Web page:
- Expand entry
- Added by: Berta Grimau, Contributed by:
Publisher’s note: We are frequently confronted with arguments. Arguments are attempts to persuade us – to influence our beliefs and actions – by giving us reasons to believe this or that. Critical Thinking: A Concise Guide will equip students with the concepts and techniques used in the identification, analysis and assessment of arguments. Through precise and accessible discussion, this book provides the tools to become a successful critical thinker, one who can act and believe in accordance with good reasons, and who can articulate and make explicit those reasons.
Key topics discussed include:
- Core concepts in argumentation.
- How language can serve to obscure or conceal the real content of arguments; how to distinguish argumentation from rhetoric.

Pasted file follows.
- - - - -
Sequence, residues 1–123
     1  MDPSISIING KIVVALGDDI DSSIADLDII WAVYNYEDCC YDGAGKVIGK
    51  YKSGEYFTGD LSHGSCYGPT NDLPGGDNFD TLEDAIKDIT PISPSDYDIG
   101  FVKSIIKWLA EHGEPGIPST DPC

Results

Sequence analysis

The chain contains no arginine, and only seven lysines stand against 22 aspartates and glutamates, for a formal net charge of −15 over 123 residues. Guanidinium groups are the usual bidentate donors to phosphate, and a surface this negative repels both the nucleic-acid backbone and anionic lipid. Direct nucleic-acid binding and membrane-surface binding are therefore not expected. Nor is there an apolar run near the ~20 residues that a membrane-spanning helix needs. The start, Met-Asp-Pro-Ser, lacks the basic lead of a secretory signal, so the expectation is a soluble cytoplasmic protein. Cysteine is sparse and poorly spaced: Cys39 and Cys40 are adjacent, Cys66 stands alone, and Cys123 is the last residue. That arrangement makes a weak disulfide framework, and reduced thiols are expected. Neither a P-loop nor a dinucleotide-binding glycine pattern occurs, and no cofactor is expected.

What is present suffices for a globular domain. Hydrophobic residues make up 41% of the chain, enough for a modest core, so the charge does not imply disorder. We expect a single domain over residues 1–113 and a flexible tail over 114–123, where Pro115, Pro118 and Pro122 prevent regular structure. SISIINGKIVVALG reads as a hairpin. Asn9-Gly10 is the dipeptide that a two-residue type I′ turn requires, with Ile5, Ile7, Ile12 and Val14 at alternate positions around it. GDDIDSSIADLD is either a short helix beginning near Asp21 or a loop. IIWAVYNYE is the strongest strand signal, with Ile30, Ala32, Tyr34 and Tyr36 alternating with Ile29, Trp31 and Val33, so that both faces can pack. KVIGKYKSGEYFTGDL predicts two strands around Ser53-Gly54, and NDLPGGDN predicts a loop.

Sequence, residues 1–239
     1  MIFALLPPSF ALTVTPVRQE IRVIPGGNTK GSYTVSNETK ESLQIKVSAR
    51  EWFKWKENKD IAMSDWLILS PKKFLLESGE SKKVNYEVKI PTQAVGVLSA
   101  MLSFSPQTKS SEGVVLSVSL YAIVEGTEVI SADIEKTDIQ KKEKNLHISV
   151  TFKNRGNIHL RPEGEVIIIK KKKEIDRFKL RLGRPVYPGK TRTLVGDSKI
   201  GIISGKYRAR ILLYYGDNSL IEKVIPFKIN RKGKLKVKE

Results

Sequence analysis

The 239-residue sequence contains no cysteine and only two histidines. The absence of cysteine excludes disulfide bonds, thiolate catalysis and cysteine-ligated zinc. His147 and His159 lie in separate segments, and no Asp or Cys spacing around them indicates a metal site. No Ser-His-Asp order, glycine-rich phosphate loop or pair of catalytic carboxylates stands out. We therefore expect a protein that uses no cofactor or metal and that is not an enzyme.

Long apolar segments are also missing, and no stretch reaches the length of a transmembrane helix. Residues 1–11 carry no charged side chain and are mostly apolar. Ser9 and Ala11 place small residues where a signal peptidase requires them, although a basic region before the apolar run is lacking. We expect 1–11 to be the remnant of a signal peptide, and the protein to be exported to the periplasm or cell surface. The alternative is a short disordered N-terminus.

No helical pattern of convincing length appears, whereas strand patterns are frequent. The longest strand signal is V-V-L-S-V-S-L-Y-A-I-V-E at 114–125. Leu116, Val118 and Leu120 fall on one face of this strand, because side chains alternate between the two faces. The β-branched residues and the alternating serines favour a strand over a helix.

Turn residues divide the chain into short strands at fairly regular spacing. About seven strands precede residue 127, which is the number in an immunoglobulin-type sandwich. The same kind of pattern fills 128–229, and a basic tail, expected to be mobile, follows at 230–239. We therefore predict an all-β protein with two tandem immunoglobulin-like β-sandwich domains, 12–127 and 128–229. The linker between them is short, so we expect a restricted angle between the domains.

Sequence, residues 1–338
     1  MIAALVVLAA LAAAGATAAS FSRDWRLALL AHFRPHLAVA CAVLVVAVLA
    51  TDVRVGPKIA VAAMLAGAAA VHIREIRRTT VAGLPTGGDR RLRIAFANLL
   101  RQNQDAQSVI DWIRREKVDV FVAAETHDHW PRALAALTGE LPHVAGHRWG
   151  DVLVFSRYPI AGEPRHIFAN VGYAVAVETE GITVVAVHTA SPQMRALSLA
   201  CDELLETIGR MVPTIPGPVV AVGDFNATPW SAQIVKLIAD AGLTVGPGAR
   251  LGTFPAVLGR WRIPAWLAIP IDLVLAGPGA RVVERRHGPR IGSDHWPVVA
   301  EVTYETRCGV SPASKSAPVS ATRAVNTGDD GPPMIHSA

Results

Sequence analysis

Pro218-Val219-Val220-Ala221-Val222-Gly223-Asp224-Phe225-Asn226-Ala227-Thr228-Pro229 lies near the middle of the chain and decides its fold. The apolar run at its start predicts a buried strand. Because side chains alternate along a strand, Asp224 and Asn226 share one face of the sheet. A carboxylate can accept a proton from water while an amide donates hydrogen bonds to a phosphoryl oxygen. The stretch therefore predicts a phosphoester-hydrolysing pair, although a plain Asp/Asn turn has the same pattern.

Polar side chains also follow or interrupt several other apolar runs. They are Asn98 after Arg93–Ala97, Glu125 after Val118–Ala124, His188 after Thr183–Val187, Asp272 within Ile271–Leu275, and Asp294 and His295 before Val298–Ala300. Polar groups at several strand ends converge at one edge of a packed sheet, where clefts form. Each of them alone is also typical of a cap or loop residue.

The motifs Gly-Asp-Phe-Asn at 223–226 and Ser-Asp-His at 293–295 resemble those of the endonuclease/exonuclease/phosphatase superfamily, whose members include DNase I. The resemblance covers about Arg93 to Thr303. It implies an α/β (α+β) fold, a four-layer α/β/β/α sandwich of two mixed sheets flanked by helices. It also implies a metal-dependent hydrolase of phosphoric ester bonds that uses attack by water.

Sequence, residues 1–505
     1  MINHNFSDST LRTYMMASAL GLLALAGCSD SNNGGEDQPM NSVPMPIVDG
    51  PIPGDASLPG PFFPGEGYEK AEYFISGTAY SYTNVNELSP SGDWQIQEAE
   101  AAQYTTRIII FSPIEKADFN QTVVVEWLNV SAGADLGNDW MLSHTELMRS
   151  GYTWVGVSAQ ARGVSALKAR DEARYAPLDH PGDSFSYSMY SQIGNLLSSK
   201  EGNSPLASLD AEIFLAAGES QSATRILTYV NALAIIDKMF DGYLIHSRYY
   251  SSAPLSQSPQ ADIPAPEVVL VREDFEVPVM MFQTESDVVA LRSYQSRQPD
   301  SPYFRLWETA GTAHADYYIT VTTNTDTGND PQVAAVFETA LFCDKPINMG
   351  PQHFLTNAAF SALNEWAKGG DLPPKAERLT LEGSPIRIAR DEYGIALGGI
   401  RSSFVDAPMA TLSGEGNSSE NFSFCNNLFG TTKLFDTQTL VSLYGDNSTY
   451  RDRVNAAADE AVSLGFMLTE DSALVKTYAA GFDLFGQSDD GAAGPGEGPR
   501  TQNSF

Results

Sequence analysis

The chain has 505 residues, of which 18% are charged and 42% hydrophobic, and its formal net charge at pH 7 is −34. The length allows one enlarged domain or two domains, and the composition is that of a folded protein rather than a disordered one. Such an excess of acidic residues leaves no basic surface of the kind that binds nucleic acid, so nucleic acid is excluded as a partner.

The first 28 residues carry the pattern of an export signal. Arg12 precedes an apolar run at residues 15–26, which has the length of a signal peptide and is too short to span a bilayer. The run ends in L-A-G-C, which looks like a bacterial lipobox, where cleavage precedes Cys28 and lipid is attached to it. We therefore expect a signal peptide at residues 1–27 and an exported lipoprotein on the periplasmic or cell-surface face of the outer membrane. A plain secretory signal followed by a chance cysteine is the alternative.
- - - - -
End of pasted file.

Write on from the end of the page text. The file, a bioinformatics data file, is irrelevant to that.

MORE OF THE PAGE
- How to avoid common confusions surrounding words such as ‘truth’, ‘knowledge’ and ‘opinion’.
- How to identify and evaluate the most common types of argument.
- How to distinguish good reasoning from bad in terms of deductive validly and induction.
Comment: Appropriate for complete beginners to logic and philosophy. Adequate for an introduction to critical thinking. It doesn't presuppose any previous knowledge of logic. Moreover, there is an interactive website for the book which provides resources for both instructors and students including new examples and case studies, flashcards, sample questions, practice questions and answers, student activities and a test bank of questions for use in the classroom.Export citation in BibTeX formatExport text citationView this text on PhilPapersExport citation in Reference Manager formatExport citation in EndNote formatExport citation in Zotero format
Bowell, Tracy. Critical Thinking: A Concise Guide
2014, Routledge; 4 edition.
Can’t find it?
Contribute the texts you think should be here and we’ll add them soon!